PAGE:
My mom was recently in the hospital for back surgery and we all were really careful about infection control – hand washing, using hand sanitizer, and not touching too much. It got me thinking about MRSA …
Prior to her surgery, my mom was directed to bathe with an antimicrobial skin soap that bonds to the skin and kills bacteria, viruses & fungi for up to 24 hours after washing called Hibiclens. It’s gentle on skin, even with frequent use. Hibiclens is proven to kill many harmful bacteria (including MRSA or Methicillin-resistant Staphylococcus aureus). Washing with Hibiclens before contact with contaminated skin and surfaces will help eliminate the risk of transfer. However, Hibiclens isn’t recommended for everyday use.
She was also tested for MRSA with a nasal swab test. MRSA is a bacterium that causes infections in different parts of the body. It’s tougher to treat than most strains of staphylococcus aureus — or staph — because it’s resistant to some commonly used antibiotics. A MRSA infection would be a post-surgery complication and we wall wanted to avoid that.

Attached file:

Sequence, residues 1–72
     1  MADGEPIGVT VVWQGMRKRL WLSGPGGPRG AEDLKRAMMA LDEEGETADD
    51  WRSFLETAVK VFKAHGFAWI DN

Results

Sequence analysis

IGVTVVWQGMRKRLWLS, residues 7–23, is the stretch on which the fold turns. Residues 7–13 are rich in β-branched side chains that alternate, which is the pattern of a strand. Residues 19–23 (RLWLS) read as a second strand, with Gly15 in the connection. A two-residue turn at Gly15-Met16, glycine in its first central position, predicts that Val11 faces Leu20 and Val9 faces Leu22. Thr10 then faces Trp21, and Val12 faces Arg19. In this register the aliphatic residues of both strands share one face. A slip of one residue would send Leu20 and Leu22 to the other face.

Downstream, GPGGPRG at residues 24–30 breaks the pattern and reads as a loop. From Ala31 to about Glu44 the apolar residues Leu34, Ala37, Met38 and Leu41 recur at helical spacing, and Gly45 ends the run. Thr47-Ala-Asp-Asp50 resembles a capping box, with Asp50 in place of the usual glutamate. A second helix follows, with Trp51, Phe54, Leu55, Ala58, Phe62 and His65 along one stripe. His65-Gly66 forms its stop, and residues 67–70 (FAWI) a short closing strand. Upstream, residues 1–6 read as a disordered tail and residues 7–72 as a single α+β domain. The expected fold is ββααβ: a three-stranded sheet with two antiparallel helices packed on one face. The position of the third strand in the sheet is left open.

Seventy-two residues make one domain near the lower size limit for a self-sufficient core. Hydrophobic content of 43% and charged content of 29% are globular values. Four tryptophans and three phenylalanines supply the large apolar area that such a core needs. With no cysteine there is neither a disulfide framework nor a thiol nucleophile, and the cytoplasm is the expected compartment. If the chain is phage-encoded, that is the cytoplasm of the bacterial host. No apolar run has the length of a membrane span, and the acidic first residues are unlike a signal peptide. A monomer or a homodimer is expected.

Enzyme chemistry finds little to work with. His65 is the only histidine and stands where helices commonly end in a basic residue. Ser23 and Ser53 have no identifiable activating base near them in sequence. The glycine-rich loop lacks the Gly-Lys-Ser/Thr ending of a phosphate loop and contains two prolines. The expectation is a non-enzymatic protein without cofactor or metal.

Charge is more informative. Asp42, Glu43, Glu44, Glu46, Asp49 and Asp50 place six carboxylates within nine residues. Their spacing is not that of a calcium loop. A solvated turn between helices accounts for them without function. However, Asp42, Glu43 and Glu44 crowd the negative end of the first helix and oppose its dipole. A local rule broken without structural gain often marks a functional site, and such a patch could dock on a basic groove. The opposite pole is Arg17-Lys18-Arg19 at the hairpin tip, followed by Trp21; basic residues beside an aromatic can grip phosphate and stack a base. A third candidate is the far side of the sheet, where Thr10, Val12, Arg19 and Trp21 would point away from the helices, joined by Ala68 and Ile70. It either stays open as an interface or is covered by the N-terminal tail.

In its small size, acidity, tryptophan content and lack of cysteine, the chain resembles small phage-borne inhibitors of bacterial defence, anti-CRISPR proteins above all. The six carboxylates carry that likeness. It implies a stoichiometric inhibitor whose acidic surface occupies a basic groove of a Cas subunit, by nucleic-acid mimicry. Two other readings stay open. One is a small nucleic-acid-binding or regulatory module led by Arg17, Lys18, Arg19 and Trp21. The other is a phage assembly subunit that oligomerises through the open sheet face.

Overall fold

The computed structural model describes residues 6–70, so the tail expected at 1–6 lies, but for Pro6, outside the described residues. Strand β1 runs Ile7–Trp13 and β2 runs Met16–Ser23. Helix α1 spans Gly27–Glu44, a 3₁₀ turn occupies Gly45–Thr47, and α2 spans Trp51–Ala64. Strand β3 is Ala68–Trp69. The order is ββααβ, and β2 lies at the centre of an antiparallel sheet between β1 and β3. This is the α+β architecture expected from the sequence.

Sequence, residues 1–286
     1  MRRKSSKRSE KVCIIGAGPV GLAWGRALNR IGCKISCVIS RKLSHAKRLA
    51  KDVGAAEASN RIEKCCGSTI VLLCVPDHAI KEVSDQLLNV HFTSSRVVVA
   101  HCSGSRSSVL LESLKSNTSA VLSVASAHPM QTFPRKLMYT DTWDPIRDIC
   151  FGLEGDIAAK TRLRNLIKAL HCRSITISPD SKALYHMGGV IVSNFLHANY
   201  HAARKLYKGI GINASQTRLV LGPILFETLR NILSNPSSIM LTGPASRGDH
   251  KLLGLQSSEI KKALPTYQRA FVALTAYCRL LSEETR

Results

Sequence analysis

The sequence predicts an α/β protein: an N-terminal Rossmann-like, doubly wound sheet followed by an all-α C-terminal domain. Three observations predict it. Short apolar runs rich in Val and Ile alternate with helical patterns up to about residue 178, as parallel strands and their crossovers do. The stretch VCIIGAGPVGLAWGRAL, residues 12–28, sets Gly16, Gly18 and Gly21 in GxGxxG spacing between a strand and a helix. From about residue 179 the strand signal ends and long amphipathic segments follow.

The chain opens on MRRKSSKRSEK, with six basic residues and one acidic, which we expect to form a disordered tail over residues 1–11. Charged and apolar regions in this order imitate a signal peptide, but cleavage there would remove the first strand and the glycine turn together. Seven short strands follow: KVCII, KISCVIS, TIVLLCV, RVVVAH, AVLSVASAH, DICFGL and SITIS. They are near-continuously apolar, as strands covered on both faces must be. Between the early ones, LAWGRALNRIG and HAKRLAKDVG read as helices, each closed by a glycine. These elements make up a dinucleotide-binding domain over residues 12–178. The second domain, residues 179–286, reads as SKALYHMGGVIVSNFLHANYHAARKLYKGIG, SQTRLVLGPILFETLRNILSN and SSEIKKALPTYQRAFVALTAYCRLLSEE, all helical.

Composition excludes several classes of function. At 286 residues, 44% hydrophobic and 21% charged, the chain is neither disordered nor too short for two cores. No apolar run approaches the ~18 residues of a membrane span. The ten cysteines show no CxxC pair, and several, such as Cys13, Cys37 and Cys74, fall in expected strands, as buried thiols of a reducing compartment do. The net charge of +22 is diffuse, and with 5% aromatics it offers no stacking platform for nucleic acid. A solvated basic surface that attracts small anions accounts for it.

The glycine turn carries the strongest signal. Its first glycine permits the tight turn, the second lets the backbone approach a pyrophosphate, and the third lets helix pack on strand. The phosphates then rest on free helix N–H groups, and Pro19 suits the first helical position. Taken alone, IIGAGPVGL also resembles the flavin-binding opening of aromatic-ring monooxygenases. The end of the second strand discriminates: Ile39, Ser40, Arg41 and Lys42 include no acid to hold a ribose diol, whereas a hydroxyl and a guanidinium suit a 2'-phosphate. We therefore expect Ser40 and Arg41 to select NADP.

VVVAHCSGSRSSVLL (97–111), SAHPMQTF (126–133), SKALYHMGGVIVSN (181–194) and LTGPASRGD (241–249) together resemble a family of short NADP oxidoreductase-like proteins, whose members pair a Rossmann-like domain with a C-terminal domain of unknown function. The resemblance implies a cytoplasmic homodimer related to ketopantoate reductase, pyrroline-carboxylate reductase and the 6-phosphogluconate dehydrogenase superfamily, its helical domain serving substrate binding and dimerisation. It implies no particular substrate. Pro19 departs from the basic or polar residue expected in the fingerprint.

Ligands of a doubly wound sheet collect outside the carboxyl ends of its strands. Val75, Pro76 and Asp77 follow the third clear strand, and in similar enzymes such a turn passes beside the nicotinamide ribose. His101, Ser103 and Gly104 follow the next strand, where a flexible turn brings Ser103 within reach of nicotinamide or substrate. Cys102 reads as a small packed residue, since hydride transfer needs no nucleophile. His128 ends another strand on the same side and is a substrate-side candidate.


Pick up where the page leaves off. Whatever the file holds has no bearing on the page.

MRSA is spread by contact. So, you could get MRSA by touching another person who has it on their skin. Or you could get it by touching objects that have the bacteria on them. MRSA is carried by about 33% of the population (primarily in their nose), although most of them aren’t infected. This means that MRSA can be spread by shaking hands, touching surfaces, and other skin contact. ..and even from your phone.
We often think about cleaning our kitchens and bathrooms but there are other surfaces that we regularly touch that we might not clean regularly. I am thinking about your cell phone, computer keyboard, the arms of your office chair, your computer mouse… maybe the steering wheel in your car. Surface disinfectants like a bleach solution or Lysol can kill MRSA but may need to be left on the surface for a period of time to be effective. Be sure to use these products as directed.
MRSA usually enters the body through a break in the skin. So, dry winter skin can be a problem if there are small cracks in your skin. I LOVE Amlactin lotion to treat dry winter skin.
Take care of yourself and others this winter by washing your hands frequently or using hand sanitizer. Cover your mouth and nose when you sneeze or cough. Disinfect surfaces you touch frequently. Here’s to your health!